Abstract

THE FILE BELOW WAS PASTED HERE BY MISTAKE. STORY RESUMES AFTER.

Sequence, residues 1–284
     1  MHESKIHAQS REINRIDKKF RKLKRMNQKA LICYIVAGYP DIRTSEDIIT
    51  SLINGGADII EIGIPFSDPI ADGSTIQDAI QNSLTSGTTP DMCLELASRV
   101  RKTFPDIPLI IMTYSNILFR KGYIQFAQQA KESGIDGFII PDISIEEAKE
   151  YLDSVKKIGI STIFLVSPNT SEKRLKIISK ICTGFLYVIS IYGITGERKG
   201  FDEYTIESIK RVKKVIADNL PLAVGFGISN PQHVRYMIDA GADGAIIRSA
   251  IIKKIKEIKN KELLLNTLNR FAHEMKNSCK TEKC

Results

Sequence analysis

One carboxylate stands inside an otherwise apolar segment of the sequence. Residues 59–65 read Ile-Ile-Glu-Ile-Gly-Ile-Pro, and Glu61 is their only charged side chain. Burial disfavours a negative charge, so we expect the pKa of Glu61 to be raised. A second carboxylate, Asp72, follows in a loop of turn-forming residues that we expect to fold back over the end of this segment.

Transport and retention of polyvinylpyrrolidone-coated silver nanoparticles (PVP-AgNPs) were examined in water-saturated columns packed with three types of natural soils: a clay loam red soil (RS), a sandy loam fluvo-aquic soil (FS), and a loam huangni soil (HS). Specific factors investigated included monovalent K+ and divalent Ca2+ concentrations and the coupled effect of Ca2+ with humic acid (HA) at a PVP-AgNP concentration of 10 mg L−1 and Darcy velocity of 0.182 cm min−1. Our results showed that transport of PVP-AgNPs decreased with increasing K+ and Ca2+ concentrations, primarily due to enhanced aggregation of PVP-AgNPs and reduced repulsive interactions between PVP-AgNPs and soil grains. Consistent with the Derjaguin–Landau–Verwey–Overbeek theory, retention of PVP-AgNPs was more pronounced in the presence of Ca2+ than K+. However, the presence of HA significantly weakened the mobility of PVP-AgNPs with increasing Ca2+ concentration, probably due to increased aggregation of PVP-AgNPs (forming a HA–Ca–PVP-AgNPs complex). Irrespective of solution chemistry, the mobility of PVP-AgNPs in all three soils remained in the order of RS < FS < HS. Principal components analysis indicated that the mobility of PVP-AgNPs was positively correlated with pH, cation exchange capacity, and soil organic matter content and was negatively correlated with Fe oxide content and specific surface area of the soils. Overall, our findings highlight the dominant role of soil physicochemical properties in the mobility of Ag nanoparticles in natural soils and the importance of investigating these factors to better understand the fate of engineered nanoparticles in natural environments at the point of disposal and protecting groundwater resources.

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